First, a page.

The Internet is
a global network of close to 100 million people. It provides a vast range of telecommunication
services, including electronic mail, the World Wide Web, and more recently, telephony.
With appropriate software that can be downloaded free, users who are logged onto
the Internet can talk to each other anywhere in the world at no additional cost.
Recently, some companies have started services that allow such users to even talk
to people who do not have an Internet connection, but only a regular phone, at
a cost far below regular long-distance charges. How is this possible?
multinationals (telcos), which so far have often monopolized services in their
own countries, have been charging their customers very high rates for international
telephony. Internet telephony is a lot cheaper, because it does not incur many
costs that the telcos do. These include marketing, metering, billing and collecting
from their customers, which add a huge overhead. Also, they use expensive switches,
which have been programmed independently at great cost by each supplier. As against
this, the Internet runs on software that is largely free - many universities,
research institutions, companies and individuals have incurred the costs of developing
it on their own. Until recently, most telcos have enjoyed the benefits of monopoly
pricing. In India, they still do.
Situation with Internet telephony in India In a note dated 5 Jan 1998,
VSNL asked its Internet customers "not to use the Internet connection for
Telephony or Fax applications," and that those who violated this "would
be permanently debarred from using Internet services" (see Annexure 1). Not
content with this, VSNL has also been preventing access through the Internet to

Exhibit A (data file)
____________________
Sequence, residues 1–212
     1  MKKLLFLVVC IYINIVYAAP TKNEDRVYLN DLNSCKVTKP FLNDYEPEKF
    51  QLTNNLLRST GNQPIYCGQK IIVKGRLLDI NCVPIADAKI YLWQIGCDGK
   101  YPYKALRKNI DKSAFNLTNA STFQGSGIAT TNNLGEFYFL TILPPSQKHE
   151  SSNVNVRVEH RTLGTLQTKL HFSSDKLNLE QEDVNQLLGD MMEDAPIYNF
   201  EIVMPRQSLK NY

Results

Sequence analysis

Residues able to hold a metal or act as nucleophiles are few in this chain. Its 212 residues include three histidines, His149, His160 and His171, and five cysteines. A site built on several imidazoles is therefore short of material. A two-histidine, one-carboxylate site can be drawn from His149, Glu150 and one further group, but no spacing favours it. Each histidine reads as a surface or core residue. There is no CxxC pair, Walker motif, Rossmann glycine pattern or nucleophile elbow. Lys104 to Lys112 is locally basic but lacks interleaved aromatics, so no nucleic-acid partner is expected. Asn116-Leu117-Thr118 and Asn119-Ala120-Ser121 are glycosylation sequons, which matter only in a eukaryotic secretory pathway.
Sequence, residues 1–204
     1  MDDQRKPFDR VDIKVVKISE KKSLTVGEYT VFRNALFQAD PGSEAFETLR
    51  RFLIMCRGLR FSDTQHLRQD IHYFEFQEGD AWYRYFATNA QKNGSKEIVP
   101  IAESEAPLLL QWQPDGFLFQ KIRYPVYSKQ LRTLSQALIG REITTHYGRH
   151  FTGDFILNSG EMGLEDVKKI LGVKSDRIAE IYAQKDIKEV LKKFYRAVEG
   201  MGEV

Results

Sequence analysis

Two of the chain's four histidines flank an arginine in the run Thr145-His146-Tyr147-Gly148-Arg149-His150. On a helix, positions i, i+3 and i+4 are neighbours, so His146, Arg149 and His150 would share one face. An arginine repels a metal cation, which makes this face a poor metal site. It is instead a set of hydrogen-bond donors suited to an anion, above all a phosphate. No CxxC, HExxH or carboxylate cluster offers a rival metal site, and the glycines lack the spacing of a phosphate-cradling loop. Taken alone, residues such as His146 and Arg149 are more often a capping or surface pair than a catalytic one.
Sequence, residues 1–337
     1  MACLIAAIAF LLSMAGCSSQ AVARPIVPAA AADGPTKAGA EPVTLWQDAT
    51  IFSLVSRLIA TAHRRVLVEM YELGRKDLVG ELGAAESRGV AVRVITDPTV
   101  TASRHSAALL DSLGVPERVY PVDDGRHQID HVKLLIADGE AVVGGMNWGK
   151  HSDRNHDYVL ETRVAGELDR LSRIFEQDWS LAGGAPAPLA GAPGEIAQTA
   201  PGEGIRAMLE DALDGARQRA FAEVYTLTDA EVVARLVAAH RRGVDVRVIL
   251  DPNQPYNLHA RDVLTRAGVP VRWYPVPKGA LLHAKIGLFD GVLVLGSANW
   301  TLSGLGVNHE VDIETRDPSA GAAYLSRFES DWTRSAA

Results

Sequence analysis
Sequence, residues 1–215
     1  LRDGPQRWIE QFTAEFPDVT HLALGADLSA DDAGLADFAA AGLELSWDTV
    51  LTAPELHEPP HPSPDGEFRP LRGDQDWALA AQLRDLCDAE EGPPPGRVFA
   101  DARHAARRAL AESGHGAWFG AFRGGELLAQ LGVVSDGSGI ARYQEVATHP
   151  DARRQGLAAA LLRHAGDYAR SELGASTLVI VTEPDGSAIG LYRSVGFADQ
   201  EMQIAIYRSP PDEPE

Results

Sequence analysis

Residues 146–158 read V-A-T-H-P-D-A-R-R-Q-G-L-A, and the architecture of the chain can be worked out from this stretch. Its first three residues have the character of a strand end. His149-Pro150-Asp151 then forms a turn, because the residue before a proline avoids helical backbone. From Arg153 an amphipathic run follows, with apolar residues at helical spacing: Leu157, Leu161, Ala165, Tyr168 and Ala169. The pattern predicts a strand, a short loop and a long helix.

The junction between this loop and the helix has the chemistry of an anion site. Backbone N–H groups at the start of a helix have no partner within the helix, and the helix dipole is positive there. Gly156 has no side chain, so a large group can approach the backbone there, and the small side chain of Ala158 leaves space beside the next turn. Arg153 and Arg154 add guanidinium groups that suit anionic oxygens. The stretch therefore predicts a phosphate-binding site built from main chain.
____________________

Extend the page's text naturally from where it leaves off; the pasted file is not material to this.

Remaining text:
some companies that write Internet telephony software. As a consequence, VSNL's
customers are being prevented from sending electronic mail to these companies,
and from accessing their Web sites for information. The title pages of 3 such
blocked Web sites are reproduced in Annexure 2, to show that the contents in no
way violate Indian law.
complaint to the VSNL Help Desk, elicited the following one-line response: "sir,
this site is not accessible from vsnl." When asked why, and under which power
and authority access to the Vocaltec site had been blocked, VSNL's manager in
charge of Internet services, Neeraj Sonker, also provided a one-line reply, "As
part of contract terms and conditions, we don't encourage voice over ip."
IP stands for Internet Protocol. In other words, Mr. Sonker seems to suggest that
VSNL have a problem with voice in any form carried over the Internet. No response
has been received from VSNL to the following request, which seeks to determine
the scope of VSNL's ban:
respect to the ban on Internet telephony cited below, could you please clarify
exactly what is banned: 1) Is it permissible to access a web page that automatically
plays an audio file on my computer? 2) Is it permissible to attach a voice
message to an e-mail message and send it via VSNL? 3) Is it permissible to
access voice mail from a US voice mail box through the Internet? 4) Since
you mention fax as well in your ban, is it permissible to attach the scanned image
of a page, and send that as an attachment to an e-mail message? 5) The same
scanned image of a page may also have been put up on a web page. Is it illegal
to access such a page?"